In this PhD-project of Marlijn Besten we will study the content of persevarative cognition in Major Depressive Disorder and the mechanisms by which it affects vulnerability for depression.  is associated with abnormalities in spontaneous thought processes such as worrying, rumination and negative mind-wandering. We will combine cognitive neuroscience with clinical psychology to study how different potent clinical techniques (i.e. preventive cognitive therapy, mindfulness and fantasizing) affect spontaneous thought processes and their neural correlates in individuals vulnerable for depression. This study will advance our understanding of what is needed to alter depressive vulnerability. Starting date: October 2018

Collaborations | dr. Marieke van Vugt (Artificial Intelligence, RUG, NL), dr. Brian Ostafin (Experimental Psychopathology, RUG, NL), Prof. Claudi Bockting, AMC, NL, Prof. André Aleman (Cognitive Neuroscience Center, UMCG, NL)

 



Brain activity associated with emotion processing and regulation in fibromyalgia

Basal | PhD-student: Thania Balducci (National Autonomous University of Mexico, Mexico City, Mexico)

In this 'sandwich' PhD-project of Thania Balducci from the National Autonomous University of Mexico in collaboration with the UMCG, we will study emotion processing and regulation in the chronic pain disorder fibromyalgia. Aim of this project is to find commonalities in the neural circuitry underlying emotion regulation between patients with fibromyalgia and major depressive disorder, that could explain the higher vulnerability for affective disorders in patients with fibromyalgia.

Collaborators | dr. Eduardo A. Garza-Villarreal (Instituto Nacional de Psiquiatría “Ramón de la Fuente Muñiz”, Mexico City, Mexico), Prof. André Aleman (Cognitive Neuroscience Center, UMCG, NL)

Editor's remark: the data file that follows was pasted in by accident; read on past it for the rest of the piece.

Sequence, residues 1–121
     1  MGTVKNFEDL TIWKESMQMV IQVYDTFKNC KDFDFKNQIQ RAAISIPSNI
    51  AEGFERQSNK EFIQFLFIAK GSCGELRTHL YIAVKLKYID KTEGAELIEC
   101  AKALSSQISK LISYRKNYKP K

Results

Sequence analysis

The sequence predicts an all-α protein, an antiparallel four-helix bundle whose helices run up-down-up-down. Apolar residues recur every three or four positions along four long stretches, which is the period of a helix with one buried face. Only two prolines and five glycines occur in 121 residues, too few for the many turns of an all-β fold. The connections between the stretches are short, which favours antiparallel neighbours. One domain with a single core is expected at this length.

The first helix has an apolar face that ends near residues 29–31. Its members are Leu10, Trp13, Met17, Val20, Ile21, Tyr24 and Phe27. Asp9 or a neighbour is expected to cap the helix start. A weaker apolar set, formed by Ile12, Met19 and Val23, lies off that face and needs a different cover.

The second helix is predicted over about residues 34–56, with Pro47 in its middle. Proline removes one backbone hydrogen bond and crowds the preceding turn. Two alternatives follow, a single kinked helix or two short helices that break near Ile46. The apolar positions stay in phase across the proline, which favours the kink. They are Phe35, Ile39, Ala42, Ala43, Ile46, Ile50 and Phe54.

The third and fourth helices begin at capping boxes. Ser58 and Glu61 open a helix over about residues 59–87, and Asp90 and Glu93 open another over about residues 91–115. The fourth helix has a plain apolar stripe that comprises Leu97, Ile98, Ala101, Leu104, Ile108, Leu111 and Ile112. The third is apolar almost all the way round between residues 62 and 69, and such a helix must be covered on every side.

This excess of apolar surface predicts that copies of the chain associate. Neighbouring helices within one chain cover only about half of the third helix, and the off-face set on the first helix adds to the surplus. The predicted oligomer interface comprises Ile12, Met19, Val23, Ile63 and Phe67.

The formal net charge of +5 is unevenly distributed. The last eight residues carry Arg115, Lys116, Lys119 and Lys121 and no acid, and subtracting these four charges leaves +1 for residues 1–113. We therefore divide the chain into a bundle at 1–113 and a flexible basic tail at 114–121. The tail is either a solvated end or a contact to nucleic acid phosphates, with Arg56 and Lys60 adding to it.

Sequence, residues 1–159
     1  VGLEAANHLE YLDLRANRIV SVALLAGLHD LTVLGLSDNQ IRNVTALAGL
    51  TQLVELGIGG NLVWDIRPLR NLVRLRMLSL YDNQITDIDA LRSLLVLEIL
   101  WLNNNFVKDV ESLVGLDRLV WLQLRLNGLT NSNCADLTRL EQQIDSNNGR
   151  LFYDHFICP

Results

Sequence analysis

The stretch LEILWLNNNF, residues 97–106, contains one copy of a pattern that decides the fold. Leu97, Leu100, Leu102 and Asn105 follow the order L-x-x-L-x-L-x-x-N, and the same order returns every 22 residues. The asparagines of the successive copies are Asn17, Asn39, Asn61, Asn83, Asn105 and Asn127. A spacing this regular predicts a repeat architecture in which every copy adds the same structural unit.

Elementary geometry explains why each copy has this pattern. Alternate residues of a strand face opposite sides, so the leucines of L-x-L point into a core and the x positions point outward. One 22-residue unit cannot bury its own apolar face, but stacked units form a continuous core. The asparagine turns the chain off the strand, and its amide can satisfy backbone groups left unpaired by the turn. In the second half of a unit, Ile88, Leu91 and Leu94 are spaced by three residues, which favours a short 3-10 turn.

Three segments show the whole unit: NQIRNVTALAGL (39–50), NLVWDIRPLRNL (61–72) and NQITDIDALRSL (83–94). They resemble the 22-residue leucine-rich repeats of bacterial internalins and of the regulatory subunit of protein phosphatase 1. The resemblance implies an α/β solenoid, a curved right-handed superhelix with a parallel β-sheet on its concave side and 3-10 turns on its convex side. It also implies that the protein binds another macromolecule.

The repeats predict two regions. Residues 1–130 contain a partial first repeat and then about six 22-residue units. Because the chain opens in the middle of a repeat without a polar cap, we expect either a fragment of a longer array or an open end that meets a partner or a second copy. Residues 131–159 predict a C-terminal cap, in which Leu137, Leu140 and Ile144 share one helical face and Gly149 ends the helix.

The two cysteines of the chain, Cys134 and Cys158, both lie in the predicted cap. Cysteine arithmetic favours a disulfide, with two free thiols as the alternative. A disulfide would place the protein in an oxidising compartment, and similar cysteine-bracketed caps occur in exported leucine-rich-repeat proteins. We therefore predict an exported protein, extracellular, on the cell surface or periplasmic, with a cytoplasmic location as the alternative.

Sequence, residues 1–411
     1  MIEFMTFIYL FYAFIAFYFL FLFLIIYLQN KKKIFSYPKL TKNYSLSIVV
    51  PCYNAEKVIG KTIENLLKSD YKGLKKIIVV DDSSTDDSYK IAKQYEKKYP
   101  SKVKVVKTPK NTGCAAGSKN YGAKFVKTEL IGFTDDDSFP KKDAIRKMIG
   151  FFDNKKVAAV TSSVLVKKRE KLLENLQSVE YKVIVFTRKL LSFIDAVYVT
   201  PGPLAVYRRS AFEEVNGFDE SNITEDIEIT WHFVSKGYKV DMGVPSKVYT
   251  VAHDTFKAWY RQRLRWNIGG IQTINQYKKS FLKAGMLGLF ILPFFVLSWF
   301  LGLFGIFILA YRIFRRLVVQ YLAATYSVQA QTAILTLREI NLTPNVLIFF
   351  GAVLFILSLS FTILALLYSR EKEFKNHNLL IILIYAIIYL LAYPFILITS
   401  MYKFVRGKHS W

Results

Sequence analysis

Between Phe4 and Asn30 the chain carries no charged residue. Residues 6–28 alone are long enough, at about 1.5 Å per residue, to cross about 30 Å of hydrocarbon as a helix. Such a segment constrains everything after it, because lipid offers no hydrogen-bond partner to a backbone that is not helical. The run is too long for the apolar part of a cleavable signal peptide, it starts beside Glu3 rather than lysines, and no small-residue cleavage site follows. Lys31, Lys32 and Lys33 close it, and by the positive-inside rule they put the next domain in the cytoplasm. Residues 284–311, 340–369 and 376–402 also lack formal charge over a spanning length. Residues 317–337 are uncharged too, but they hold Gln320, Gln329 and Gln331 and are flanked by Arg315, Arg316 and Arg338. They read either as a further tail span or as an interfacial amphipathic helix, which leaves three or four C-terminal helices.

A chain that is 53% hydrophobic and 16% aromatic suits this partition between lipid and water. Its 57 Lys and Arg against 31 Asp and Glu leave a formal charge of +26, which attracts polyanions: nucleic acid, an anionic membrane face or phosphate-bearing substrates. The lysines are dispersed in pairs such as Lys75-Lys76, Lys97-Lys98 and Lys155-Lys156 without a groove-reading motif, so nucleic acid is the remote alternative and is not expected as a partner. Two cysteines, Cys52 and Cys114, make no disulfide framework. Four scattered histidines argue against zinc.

NESDA Neuroimaging

co-PI | Associations & Course

I fulfil a primary role in the Netherlands Study of Depression and Anxiety (NESDA)-neuroimaging study since the start of this largest longitudinal, multi-center functional neuroimaging project since 2005 and now coordinate the project as Principal Investigator for the Groningen part. The primary objective of the NESDA neuroimaging study is to understand why one person is depressed or suffers from an anxiety disorder only once, while the other person develops a chronic depression/anxiety disorder.

Collaborators | a.o. Prof. Dick J. Veltman (VU University Medical Center, Amsterdam, NL), Prof. Nic J.A. van der Wee (Leiden University Medical Center, Leiden, NL),

 



Apathy study

Research lines | Treatment and Basal 

In this large clinical neuroimaging-study of Prof. dr. André Aleman, non-pharmacological neuro-stimulative and behavioral treatment of apathy in schizophrenia is investigated. Before I received my own grants, I worked as a post-doc on this project and continued to be involved as a PhD supervisor and collaborator. For more information see the Apathy study website.

 

Last modified:30 October 2018 11.19 a.m.

Contact information

Antonius Deusinglaan 1
9713 AV Groningen
The Netherlands

Neuroimaging Center, Researcher

Job title:
Assistant Professor
Room:
121
Working hours:
office days: Monday, Tuesday, Wednesday, Thursday

Collaborators